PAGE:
"War is war. The only good human being is a dead one" (Orwell, 15).

At the end of the battle, the animals look for Mollie, who took cover in her manger during the entire conflict. Mollie's refusal to participate in the Battle of the Cowshed aligns with her selfish character. By refusing to fight on behalf of the animals, Mollie reveals that she is selfish and cowardly.

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Snowball shows his courage and his understanding of military tactics during the Battle of the Cowshed. He anticipates the humans will attack to retake the farm and prepares for them. When they come, he does not shy away but launches his carefully orchestrated battle-plan, starting with the pigeons and geese and moving on to the larger animals. He also tricks the humans into thinking they are retreating so that the animals can ambush them in the yard. He bravely attacks Jones, despite bullets making "bloody streaks" on his back.

Boxer also fights bravely. He shows character qualities such as not shirking from duty and great physical strength. He also reveals that he is not a strategic thinker: he kicks so hard that he kills a farmhand, which was not his intention.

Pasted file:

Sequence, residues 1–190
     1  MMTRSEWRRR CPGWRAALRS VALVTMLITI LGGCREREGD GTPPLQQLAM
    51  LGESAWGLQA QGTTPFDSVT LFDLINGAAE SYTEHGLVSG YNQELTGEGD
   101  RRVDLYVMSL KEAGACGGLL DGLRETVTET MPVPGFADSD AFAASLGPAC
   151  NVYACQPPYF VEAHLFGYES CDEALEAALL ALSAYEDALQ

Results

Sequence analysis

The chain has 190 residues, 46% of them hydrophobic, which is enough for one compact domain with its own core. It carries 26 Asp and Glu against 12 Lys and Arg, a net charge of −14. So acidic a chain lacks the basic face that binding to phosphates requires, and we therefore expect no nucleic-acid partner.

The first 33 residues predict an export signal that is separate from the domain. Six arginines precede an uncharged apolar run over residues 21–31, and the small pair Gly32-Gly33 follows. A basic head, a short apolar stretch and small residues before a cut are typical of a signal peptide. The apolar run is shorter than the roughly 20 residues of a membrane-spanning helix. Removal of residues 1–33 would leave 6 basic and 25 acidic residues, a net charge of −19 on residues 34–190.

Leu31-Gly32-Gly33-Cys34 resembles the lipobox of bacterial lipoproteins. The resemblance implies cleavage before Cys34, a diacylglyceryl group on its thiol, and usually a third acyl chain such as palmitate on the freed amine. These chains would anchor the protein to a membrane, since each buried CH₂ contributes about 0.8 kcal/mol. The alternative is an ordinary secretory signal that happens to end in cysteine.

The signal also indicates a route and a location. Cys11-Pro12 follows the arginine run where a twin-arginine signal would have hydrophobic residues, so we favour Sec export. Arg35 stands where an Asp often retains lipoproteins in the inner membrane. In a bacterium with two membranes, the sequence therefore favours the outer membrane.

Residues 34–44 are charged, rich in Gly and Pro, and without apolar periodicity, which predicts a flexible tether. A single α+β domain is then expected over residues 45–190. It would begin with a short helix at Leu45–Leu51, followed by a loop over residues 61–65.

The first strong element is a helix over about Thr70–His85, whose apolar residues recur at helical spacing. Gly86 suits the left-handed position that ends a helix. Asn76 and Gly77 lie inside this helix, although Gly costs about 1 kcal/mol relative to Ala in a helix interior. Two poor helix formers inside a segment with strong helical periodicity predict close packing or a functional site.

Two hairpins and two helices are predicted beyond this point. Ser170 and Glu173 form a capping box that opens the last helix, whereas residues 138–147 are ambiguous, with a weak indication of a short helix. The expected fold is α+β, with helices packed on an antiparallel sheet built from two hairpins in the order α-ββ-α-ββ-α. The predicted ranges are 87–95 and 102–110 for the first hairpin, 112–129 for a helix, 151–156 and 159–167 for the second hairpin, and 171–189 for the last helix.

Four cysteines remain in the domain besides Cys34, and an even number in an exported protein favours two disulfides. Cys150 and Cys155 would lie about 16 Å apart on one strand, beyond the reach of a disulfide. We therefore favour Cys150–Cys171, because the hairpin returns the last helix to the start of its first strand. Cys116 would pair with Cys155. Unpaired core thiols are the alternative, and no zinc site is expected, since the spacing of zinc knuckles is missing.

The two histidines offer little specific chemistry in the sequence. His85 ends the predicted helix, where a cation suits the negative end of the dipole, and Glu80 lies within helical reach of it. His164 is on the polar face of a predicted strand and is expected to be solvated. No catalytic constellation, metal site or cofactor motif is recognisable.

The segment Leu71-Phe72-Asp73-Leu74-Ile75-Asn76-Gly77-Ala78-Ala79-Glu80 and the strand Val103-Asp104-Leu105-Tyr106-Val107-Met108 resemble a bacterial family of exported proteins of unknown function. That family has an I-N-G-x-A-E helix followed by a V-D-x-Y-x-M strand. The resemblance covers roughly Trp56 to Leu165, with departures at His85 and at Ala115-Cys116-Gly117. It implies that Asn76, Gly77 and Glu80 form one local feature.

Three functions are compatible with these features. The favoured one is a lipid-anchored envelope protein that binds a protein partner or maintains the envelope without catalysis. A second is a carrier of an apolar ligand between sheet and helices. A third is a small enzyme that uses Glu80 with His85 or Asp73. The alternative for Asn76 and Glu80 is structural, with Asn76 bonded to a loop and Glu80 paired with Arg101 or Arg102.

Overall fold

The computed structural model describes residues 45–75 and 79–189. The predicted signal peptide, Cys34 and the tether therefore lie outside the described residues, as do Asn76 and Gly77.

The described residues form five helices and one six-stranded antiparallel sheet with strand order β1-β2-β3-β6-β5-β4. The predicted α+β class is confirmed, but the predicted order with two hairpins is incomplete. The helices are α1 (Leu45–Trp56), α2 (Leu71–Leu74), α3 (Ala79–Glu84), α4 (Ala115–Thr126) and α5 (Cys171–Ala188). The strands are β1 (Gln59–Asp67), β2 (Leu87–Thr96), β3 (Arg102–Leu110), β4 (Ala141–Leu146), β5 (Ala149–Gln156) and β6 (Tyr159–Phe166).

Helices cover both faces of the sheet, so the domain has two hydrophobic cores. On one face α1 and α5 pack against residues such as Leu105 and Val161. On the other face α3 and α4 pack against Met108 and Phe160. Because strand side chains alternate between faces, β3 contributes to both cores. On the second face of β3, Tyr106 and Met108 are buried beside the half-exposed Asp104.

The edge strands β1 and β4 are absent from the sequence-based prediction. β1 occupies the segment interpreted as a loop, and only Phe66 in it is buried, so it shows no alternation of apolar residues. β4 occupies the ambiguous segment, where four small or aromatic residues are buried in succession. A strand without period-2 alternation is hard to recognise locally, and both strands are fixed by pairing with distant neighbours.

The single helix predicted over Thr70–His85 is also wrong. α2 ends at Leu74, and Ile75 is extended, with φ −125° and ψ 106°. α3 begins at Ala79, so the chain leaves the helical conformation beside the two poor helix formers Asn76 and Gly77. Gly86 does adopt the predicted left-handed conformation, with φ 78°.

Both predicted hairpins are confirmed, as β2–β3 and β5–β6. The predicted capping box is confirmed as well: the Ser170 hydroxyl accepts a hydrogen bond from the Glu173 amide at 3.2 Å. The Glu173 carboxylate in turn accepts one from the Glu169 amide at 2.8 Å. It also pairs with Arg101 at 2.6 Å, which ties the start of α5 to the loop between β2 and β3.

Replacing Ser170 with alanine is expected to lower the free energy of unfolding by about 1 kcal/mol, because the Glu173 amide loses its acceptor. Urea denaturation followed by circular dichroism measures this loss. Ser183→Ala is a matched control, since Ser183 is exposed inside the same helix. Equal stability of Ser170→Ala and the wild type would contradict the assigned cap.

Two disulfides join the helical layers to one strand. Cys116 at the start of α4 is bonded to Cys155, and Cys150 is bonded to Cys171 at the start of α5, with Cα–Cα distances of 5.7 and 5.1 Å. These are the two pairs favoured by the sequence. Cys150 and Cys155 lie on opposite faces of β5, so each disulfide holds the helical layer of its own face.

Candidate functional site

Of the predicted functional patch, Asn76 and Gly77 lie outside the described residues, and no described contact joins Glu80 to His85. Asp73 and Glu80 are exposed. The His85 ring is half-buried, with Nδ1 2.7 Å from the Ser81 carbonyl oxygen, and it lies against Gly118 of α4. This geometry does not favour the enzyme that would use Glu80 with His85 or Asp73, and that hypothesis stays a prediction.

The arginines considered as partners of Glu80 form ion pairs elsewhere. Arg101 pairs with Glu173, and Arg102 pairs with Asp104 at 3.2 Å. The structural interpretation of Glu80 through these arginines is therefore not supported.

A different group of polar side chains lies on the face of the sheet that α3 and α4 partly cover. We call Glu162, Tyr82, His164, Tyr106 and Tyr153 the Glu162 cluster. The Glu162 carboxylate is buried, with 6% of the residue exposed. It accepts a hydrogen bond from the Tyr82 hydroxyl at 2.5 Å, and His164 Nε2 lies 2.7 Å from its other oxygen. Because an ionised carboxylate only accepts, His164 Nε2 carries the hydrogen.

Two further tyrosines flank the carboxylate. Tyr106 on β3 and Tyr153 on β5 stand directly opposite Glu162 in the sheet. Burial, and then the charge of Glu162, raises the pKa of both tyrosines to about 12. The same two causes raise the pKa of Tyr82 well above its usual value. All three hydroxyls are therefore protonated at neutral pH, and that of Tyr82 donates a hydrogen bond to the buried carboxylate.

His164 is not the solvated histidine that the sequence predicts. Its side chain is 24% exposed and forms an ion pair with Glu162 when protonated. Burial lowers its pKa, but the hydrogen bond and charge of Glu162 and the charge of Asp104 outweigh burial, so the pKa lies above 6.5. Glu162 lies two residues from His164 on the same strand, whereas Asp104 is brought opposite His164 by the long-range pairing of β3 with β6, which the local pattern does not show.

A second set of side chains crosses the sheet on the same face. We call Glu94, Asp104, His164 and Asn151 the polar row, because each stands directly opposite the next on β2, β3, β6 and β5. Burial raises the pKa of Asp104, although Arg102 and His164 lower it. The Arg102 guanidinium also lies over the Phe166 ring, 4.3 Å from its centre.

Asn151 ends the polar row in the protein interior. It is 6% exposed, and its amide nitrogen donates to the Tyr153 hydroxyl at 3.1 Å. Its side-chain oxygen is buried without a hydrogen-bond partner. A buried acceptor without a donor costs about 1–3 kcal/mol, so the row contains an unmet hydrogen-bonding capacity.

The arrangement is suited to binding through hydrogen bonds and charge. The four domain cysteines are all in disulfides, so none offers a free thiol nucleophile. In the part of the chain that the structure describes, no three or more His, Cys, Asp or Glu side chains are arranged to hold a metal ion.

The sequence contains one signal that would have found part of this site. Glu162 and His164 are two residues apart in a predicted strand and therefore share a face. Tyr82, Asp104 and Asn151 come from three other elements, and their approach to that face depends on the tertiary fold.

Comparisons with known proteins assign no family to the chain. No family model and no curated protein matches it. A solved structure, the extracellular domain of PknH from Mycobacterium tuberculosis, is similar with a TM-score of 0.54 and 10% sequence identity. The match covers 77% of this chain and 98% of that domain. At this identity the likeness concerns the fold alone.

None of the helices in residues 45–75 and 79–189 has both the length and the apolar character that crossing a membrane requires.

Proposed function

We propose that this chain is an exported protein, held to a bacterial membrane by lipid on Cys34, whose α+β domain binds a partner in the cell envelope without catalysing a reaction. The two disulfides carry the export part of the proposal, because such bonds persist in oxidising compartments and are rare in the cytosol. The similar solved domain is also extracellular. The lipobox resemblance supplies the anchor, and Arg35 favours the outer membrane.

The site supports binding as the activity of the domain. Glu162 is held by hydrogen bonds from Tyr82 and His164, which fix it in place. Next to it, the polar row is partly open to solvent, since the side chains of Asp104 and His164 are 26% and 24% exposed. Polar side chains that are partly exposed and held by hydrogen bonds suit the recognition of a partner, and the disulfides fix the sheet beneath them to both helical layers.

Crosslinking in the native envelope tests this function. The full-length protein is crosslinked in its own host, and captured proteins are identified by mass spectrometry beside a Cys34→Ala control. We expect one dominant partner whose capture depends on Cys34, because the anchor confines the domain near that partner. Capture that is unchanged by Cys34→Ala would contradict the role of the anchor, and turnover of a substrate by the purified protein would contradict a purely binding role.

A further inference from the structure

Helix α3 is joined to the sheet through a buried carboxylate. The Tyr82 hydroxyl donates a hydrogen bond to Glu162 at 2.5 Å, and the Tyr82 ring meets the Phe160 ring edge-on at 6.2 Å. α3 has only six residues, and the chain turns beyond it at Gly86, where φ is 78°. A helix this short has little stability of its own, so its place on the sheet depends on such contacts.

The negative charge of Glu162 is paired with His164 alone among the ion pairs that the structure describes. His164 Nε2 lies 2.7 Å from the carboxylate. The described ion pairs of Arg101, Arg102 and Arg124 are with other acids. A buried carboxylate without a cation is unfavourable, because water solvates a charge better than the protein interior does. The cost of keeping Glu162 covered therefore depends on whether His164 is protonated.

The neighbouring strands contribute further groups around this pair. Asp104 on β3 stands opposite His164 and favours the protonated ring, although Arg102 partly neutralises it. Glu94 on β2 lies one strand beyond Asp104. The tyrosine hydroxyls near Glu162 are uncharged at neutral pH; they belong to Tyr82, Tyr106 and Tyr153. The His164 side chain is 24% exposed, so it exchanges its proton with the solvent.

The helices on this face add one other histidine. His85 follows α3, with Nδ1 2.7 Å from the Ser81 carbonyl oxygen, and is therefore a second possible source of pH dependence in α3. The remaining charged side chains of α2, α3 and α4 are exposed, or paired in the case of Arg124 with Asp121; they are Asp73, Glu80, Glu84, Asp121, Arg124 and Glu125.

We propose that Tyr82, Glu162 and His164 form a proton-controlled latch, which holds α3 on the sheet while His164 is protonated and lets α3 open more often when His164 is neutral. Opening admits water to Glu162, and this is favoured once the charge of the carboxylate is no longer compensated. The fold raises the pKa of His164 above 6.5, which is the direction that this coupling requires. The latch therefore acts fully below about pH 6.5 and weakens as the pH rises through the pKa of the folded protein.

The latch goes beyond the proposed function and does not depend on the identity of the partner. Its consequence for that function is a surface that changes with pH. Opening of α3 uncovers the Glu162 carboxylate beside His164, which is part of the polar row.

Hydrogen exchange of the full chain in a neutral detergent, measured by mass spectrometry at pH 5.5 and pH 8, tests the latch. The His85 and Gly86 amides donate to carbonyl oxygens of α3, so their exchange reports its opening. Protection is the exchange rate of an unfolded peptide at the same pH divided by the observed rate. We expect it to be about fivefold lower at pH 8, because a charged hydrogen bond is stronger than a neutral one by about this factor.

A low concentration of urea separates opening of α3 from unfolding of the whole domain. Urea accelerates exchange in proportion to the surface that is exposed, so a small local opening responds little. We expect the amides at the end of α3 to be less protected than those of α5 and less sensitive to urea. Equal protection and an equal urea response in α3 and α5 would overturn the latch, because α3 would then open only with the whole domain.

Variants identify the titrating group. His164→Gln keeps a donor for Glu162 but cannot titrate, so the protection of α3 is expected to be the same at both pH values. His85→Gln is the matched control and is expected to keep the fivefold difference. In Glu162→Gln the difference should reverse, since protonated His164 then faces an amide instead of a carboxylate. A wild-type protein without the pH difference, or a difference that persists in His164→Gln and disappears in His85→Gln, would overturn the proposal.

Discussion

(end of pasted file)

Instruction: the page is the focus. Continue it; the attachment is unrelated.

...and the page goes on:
Mollie shows her cowardice and lack of commitment to the principles of Animalism when she runs away during the battle and hides so she won't get hurt. The animals find her "hiding in her stall with her head buried among the hay in the manger." She cares about herself more than the larger goals of the farm, which foreshadows her eventual desertion of the other animals.

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The Battle of the Cowshed takes place in Chapter Four when Jones and his men try to recapture the farm. During the ensuing battle, the behavior of certain animals reveals much about their characters.

Snowball, for example, plans the battle tactics by reading a book on Julius Caesar's military campaigns and takes an active role in the fighting. This shows he is a natural leader and is committed to the principle of equality, as he fights alongside the other animals. His reaction to the death of the humans, however, illustrates he is a committed Animalist who still believes humans are the enemy:

War is war! The only good human is a dead one.

In contrast, Boxer's reaction to killing a human during the battle illustrates his soft and sensitive nature. He is overcome with regret and struggles to accept that his actions were justified, regardless of provocation:

I had no intention of doing that… I have no wish to take life, not even human life.

Mollie disappears as soon as the first gunshot is fired. Terrified of fighting and lacking courage, Mollie runs away from the battle and hides among the hay in the manger. She has no interest in fighting the humans, or anybody else — she simply wants peace.